The news of my friend Aris’ death immediately brought the memory of our last encounter to the forefront of my mind. I was sitting at the dinner table with him and his wife in their Upper West Side apartment, overlooking the George Washington Bridge and the bottom tip of the Bronx. It was two days before Christmas, and the conversation focused on my plans for the next semester.
I told Aris that I was considering moving away from the area to continue my studies. This prospect worried him. “But if you move away, will you still come back to visit us?”
“Of course!” I answered, not really thinking that the future might hold an international pandemic.
The weekend before school went virtual, Aris’ wife Rouzan called me, asking in her thick Armenian accent if I’d like to come have lunch with them. Being worried about the possibility of getting infected on public transportation, I declined, implying that we would plan a new date once things started to blow over. Little did I expect that I would receive a text two weeks later telling me that he contracted the Coronavirus and died.
What sense can I possibly make of losing a friend so suddenly…that our plans to “meet up soon” would now be impossible? In the face of death, we’re usually offered one of two consolations. “That’s why you have to cherish your loved ones while they’re still around…you never know when you’re going to lose them!” The other, perhaps a little more cheery, goes something like this: “well at least we will see our loved ones again in heaven…besides, they’re already with us in spirit!”
I found these cliches—the former looking to the past while the latter looks to the future—to be totally inadequate responses to my present circumstances. Valuing people while they’re alive doesn’t take away the pain of wanting to see Aris again. Looking forward to our spiritual unity doesn’t enable me to sit down at the table with him again and eat his delicious Armenian home cooked dishes.
What is the purpose of friendship if we know that they won’t last forever? Hanging out, enjoying each other’s company and sharing common interests, as pleasant as all this is, cannot withstand the test of time. Even more intimate moments like having deep, honest conversations, or helping each other during times of suffering will fade away.
This question inspired me to refer back to the writings of Saint Aelred of Rievaulx, the twelfth century Cistercian abbot whose abbey we visited during the Scala Foundation‘s 2018 Summer Seminar. In his seminal treatise on Spiritual Friendship, Aelred explores the Christian understanding of friendship as a virtue with one of his younger confreres.
Through faith in the Incarnation, human beings can reach perfection in their pursuit of virtue, precisely because God, the source of all virtues, has extended His friendship to us. Aelred’s attitude toward the pre-Christian philosopher Cicero’s De Amicitia, though full of affection and appreciation, is inflected with a hint of pity. He laments that “pursuers of true virtue were rare among the pagans since they did not know the Lord, who is the Dispenser of virtue,” but rejoices in the grace that has been bestowed upon mere human beings by the Incarnation, namely the capacity to live lives of perfection and to experience true unity with others. It then becomes possible for friends to be fully in “agreement with all things human and divine”-an essential criterion for virtuous friendship according to Cicero.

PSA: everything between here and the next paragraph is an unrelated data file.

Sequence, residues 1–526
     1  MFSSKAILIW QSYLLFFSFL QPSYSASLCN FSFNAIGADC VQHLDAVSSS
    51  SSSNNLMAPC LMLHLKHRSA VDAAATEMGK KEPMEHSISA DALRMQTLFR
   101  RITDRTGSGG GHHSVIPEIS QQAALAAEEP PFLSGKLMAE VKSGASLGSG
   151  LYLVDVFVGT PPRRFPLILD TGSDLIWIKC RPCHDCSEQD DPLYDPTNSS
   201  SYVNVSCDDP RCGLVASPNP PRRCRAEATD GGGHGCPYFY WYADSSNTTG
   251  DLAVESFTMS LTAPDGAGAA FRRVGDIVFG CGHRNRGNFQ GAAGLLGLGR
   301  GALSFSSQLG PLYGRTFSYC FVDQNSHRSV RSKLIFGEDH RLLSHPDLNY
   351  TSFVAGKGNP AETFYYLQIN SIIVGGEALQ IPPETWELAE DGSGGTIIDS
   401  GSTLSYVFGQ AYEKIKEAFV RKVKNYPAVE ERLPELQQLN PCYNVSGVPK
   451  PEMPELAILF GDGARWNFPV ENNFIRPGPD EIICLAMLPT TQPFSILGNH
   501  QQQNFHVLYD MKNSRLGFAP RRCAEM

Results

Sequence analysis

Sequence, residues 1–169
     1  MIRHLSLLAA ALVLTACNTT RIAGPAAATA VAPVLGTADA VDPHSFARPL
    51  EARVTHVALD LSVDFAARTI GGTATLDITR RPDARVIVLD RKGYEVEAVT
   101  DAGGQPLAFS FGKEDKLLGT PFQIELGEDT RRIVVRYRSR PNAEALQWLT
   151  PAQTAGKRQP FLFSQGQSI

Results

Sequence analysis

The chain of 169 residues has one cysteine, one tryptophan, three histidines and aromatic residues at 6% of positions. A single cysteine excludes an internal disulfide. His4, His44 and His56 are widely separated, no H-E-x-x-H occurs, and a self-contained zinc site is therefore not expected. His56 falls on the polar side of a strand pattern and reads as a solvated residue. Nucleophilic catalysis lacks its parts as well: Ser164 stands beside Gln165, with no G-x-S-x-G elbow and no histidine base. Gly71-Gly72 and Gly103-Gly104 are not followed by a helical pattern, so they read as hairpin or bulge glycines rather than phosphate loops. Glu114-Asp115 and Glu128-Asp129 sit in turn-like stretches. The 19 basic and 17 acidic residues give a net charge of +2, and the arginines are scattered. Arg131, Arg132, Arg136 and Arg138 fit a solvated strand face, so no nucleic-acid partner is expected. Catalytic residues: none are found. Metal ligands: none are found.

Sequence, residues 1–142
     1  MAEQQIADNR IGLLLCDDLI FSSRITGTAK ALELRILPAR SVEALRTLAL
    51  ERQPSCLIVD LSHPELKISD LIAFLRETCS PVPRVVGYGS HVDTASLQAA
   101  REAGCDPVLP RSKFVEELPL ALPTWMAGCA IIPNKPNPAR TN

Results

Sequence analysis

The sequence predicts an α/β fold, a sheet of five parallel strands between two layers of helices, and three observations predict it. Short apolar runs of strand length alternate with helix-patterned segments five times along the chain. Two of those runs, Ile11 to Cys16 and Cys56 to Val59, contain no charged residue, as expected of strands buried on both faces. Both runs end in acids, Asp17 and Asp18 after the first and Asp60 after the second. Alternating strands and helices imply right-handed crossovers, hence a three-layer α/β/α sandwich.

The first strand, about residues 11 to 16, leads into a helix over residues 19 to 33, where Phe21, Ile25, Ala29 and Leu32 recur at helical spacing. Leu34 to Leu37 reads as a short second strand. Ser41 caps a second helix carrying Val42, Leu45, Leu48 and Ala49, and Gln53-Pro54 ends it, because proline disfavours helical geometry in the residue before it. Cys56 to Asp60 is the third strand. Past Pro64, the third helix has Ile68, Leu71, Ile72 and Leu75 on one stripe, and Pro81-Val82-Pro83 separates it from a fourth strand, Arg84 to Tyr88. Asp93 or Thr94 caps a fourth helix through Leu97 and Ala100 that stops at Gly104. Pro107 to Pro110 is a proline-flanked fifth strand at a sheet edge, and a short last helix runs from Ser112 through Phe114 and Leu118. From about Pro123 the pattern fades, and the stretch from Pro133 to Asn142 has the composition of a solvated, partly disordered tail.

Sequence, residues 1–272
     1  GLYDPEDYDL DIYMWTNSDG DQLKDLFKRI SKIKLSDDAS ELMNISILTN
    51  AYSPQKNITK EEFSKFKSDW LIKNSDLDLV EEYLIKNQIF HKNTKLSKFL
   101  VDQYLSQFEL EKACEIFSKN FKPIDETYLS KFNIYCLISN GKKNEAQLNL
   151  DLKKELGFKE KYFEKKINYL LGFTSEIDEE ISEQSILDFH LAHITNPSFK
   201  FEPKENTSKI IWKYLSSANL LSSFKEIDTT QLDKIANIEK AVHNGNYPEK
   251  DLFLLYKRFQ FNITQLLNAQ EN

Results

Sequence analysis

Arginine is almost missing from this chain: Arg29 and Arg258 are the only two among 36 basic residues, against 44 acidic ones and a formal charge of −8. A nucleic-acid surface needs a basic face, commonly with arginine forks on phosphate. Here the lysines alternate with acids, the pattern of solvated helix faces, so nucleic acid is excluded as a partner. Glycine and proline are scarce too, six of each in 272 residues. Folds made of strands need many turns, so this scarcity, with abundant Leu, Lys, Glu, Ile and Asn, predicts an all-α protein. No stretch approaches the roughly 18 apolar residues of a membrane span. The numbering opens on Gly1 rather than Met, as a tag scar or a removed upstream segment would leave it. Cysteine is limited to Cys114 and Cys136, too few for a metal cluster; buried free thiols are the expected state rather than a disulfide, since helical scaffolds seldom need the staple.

Monsignor Luigi Giussani, another author we read at the Scala Summer Seminar, offers a more contemporary treatment of friendship as virtue in Tu (o dell’Amicizia). In the communion of Christ’s body, friendship becomes “an instrument to discover our destiny.” Friendship lived as a virtue is an “instrument to our destiny–it is what makes us walk on the true path.” People “reach the phenomenon of true friendship when they pass the ‘sound barrier’-which is the limit in which we define human experience.”
Virtuous friendships orient us to something that lasts beyond both ephemeral moments of enjoyment and sentimental pietisms. The death of Aris has made me realize how much I want my friendships to be rooted in something eternal. I want them to strive toward an ultimate value that transcends the boundaries of time and space…a value that is powerful enough to remain present even when we are apart from each other.
As I look back at my notes on Aelred and Giussani from the Scala Summer Seminar, I think of Aris’ son John who died last year from cancer. I think of how indebted I am to John for initiating the first Summer Seminar, for enabling me to forge the connections I made with the others as we delved into those texts and explored those sites that allowed us to discover what a virtuous friendship in Christ really looks like. I think about the first time Aris and Rouzan invited me over to dinner, after they came to speak about his life at the 2019 Summer Seminar. And I realize how mysterious this journey of life really is.
And while this more nuanced view of friendship doesn’t take away the pain of loss, it allows this pain to spur us further on our journey toward the One who truly fulfills us. And the more we devote ourselves to this journey, the more deeply we unite ourselves to our friends who have passed on.